Pakistan could run out of foreign exchange reserves in less than 2 months. Islamabad failed to reach a deal with IMF for a bailout. The political instability could further destabilize Pakistan. Will the battle for power spell Pakistan's collapse?
Pakistan descends into civil war
Pakistan has officially descended into civil war. PTI supporters ran riot in Islamabad on Wednesday. They torched vehicles & set trees on fire. Imran Khan has now set a 6-day deadline for Shehbaz Sharif. Where are things headed?
Every inflation wave is different, and this one won't be fixed by raising rates. This one is based on shortages and not a speculative boom. They don't want to admit that the lockdowns started the collapse in the supply chain. There is no economic understanding with politicians as they all operate with blinders.
We're going to see more unrest in Third World countries due to energy costs. People will vote from their recent experience. When Trump became elected, populism became the enemy. Politicians are threatened by nationalism. The truth is, most of them hate democracy. The heads of the E.U. are appointed and governments in that union are subservient. It doesn't really matter who gets elected. These people would love to impose a similar system here in North America.
The causes of hyperinflation are usually fairly complex. For Germany in 1922 they couldn't repay their reparations, so they confiscated 10 percent of everyone's assets for a bond. However, this action caused citizens to rapidly diversify out of the state currency. Usually, hyperinflations are the result of a loss of confidence. He describes how the capture of a Roman emperor created a loss of confidence in the government and began the debasing of the currency.
He discusses his model and how it's indicating a shift in the types of government from Republics to more direct democracies around 2032. Republics represent their own self-interest, and that eventually is their downfall. He expects another collapse around 2032.
Time Stamp References:
0:00 - Introduction
0:38 - Economic Confidence Model
8:40 - Malice or Stupidity?
10:20 - Power Cycles & Davos
16:05 - Debt & Owning Nothing
17:38 - Russia & Putin's Ratings
20:10 - Society & Religions
22:18 - Historic Hyperinflations
30:42 - The Problem with Debt
35:47 - MMT - The Road Ahead?
37:43 - Ukraine Outcome?
44:40 - Soros & China/Russia
50:00 - The Coming Shift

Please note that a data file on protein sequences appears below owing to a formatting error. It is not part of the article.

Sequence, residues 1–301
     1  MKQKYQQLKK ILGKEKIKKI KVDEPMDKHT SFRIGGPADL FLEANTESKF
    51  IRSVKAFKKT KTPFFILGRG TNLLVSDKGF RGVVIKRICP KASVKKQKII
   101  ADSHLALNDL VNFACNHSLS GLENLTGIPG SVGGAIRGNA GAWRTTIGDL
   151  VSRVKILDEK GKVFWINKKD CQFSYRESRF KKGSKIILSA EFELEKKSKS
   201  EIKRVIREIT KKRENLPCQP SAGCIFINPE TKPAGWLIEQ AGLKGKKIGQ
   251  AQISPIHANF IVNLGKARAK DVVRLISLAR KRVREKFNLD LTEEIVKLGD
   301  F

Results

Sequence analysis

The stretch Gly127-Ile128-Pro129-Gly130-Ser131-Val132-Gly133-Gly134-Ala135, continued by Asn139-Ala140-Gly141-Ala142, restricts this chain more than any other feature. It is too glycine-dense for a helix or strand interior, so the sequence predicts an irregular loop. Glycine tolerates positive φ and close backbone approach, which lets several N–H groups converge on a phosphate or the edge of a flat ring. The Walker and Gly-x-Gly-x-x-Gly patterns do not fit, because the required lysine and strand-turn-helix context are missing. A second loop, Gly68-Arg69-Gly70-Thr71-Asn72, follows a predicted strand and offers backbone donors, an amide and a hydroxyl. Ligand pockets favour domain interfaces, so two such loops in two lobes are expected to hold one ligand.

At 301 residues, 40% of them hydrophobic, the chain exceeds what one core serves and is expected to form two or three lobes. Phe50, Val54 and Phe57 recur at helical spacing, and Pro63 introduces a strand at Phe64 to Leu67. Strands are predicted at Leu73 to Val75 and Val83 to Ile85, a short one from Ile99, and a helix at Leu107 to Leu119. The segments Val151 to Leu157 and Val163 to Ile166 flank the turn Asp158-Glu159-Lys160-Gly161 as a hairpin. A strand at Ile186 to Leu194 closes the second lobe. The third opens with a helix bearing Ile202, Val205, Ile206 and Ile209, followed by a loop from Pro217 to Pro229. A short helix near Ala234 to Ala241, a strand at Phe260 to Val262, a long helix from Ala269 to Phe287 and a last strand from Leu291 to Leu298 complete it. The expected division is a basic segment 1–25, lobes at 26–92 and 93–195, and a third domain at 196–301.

53:58 - CBDCs and Control
55:38 - Manias and Bubbles?
58:46 - The Gold Cycle & Assets
1:04:14 - Housing Markets
1:05:03 - Censorship
1:07:06 - Wrap Up
Talking Points From This Episode
- Inflationary pressures are being caused by supply chain disruptions.
- Expect further unrest due to energy costs.
- The historic causes of hyperinflations.
- Why governments will move from Republics to more direct democracies.
Emerging nations, including El Salvador, Ghana, Egypt, Tunisia and Pakistan, will be challenged with a historic cascade of defaults as a quarter-trillion-dollar pile of distressed debts exerts downward pressure on economies, Bloomberg is reporting.
“With the low-income countries, debt risks and debt crises are not hypothetical,” the World Bank’s Chief Economist Carmen Reinhart told the agency on Saturday. “We’re pretty much already there.”
Over the past six months, there’s reportedly been a doubling in the number of emerging markets with sovereign debt that trades at highly distressed levels, meaning yields that indicate investors believe default is a real possibility.
Sri Lanka has barely enough fuel to last one day – mediaREAD MORE: Sri Lanka has barely enough fuel to last one day – media
Another cause for major concern reportedly arises from a potential “domino effect” that commonly occurs when scared investors begin yanking money out of countries with economic problems.
In June, traders reportedly pulled $4 billion out of emerging-market bonds and stocks, marking a fourth straight month of outflows.
Probable defaults may be followed by political instability. Earlier this year, Sri Lanka was the first nation to stop paying its foreign bondholders, burdened by unwieldy food and fuel costs that fueled protests and political chaos.
“Populations suffering from high food prices and shortages of supplies can be a tinderbox for political instability,” Barclays has said, as quoted by Bloomberg.
In China, a major financial crisis is unfolding. Chinese citizens in 86 cities are boycotting mortgage payments towards their homes. Chinese censors are erasing documents about this boycott.